Bank of Canada Leaves Key Interest Rate Unchanged
The Bank of Canada on Tuesday defied expectations and left its key interest rate on hold at 3%, despite concerns over a weakening economy here and a downturn in the United States.
Although the composition of U.S. growth has not been favorable for demand for Canadian goods and services, overall, global growth has been stronger and commodity prices have been sharply higher than expected.
At the same time, many of the downside risks to inflation ... have eased, while the evolution of credit conditions has been in line with expectations. The risk remains that potential growth will be weaker than assumed.
Most economists had forecast the 25-basis-point rate cut, pointing to disappointing economic growth - and despite a risk of higher inflation from soaring global energy and food prices.
If current levels of energy prices persist, total CPI inflation will rise above 3% later this year. However, with the Canadian economy operating in excess supply, core inflation is expected to remain below 2% through 2009. Both total and core inflation should converge on 2% in 2010 as the economy returns to balance.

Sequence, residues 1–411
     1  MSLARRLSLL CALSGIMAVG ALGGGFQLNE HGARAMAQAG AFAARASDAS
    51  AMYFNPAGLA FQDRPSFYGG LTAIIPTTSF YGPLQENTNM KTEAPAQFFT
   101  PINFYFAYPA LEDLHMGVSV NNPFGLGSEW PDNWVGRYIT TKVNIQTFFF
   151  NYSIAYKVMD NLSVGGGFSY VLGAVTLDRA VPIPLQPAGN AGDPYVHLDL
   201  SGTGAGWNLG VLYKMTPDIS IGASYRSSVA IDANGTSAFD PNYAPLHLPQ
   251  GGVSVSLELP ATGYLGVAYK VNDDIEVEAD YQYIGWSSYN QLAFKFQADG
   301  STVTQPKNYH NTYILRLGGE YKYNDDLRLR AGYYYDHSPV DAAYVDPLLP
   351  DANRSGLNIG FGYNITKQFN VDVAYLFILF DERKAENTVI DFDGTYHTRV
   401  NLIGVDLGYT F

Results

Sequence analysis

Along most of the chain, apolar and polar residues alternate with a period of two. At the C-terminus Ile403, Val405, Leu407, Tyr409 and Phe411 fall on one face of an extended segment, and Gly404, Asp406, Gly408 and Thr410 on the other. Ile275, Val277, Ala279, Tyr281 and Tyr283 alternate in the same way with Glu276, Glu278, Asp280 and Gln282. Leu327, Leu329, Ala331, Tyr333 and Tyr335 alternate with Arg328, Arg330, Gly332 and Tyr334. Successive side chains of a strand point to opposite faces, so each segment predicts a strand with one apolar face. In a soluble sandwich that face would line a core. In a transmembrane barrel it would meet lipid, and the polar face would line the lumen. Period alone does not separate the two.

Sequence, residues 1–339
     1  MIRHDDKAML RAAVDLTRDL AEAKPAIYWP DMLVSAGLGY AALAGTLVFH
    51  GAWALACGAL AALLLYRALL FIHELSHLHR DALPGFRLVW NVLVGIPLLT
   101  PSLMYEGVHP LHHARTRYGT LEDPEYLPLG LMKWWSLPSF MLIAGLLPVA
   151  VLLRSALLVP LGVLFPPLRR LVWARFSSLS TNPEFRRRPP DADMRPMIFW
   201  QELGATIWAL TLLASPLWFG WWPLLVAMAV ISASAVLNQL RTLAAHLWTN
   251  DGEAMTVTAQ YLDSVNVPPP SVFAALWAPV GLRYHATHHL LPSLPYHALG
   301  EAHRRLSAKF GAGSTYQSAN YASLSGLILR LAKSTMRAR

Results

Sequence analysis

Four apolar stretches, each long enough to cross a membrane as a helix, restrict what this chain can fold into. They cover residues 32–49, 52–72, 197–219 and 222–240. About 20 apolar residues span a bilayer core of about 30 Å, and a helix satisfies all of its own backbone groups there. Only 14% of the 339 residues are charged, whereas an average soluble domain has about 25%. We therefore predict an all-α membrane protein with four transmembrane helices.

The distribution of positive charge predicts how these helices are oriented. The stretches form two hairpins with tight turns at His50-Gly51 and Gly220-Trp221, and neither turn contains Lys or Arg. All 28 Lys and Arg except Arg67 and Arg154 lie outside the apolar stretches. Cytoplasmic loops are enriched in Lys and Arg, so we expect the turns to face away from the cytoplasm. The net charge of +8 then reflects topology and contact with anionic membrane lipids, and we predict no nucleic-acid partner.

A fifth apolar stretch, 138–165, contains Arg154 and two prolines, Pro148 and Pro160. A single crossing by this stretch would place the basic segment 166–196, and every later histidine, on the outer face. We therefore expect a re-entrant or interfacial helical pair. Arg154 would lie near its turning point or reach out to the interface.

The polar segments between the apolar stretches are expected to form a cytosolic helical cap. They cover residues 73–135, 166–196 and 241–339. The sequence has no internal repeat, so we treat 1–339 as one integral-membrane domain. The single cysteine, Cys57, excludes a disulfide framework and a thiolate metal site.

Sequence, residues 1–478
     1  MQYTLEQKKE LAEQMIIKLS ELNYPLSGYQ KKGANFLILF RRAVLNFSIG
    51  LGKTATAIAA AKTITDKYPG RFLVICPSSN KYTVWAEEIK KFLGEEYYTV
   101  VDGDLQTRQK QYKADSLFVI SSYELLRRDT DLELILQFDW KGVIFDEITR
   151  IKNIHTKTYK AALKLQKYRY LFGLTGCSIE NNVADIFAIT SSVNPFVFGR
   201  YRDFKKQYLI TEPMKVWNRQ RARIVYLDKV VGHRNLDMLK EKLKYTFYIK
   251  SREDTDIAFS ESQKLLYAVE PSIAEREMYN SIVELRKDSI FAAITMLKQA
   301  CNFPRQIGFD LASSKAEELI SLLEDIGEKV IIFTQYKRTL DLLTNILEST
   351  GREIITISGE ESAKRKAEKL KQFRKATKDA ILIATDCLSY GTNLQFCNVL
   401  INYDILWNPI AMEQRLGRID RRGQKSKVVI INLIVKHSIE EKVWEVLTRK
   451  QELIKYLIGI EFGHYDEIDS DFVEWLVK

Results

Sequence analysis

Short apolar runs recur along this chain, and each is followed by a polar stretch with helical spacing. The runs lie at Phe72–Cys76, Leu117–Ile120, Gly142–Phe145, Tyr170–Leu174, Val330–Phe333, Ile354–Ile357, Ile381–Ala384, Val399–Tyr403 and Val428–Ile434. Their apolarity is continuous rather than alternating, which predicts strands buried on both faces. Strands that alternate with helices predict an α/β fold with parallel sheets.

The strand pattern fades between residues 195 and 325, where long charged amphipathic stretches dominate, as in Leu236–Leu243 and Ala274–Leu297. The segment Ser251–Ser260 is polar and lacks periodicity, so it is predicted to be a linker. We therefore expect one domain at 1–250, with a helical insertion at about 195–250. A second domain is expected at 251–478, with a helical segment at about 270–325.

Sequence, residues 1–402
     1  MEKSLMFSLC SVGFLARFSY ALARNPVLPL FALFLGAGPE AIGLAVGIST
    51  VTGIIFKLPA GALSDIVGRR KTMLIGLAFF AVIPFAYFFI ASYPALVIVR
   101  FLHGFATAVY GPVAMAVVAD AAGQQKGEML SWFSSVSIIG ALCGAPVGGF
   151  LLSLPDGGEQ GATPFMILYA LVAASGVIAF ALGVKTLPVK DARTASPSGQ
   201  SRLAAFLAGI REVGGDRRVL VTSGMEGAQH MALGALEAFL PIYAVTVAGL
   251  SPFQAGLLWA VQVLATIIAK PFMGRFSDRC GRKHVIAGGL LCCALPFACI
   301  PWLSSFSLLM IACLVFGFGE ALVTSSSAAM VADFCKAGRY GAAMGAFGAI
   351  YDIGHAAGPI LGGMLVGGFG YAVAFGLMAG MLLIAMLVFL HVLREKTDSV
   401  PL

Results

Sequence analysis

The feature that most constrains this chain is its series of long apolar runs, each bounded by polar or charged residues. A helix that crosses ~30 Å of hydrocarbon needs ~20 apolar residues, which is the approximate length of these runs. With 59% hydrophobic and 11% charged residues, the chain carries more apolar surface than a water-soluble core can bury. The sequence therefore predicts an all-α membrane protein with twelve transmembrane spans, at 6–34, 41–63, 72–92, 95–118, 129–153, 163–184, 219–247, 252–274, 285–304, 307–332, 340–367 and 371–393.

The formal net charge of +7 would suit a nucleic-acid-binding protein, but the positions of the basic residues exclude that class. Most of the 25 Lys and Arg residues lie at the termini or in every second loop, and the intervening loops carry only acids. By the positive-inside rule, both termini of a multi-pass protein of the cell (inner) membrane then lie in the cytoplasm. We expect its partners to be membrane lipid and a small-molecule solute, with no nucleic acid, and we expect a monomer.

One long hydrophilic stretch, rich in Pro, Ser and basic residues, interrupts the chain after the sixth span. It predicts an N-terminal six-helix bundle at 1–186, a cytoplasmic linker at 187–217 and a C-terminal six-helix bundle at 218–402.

Against this backdrop, the bank now judges that the current stance of monetary policy is appropriately accommodative to bring aggregate demand and supply into balance and to achieve the two per cent inflation target. There continue to be important downside and upside risks to inflation in Canada, which the bank will monitor closely.
The bank's decision could be bad news for consumers and businesses.
Traditionally, commercial banks follow the central bank's lead with matching cuts to their benchmark prime rates, now at 4.75%, to which floating-rate consumer and business loans, including mortgages, are linked.
The Canadian dollar remained relatively unchanged after the rate decision. It closed Monday at a two-month low of 97.89 US.
The bank's surprise move indicates the central bank has ended it cycle of rate leave.
The much more focused concern about the upside risks to inflation suggest that the bank is done cutting rates. This is quite an abrupt turn from the last decision date, when the bank declared that 'further monetary stimulus would likely be required'.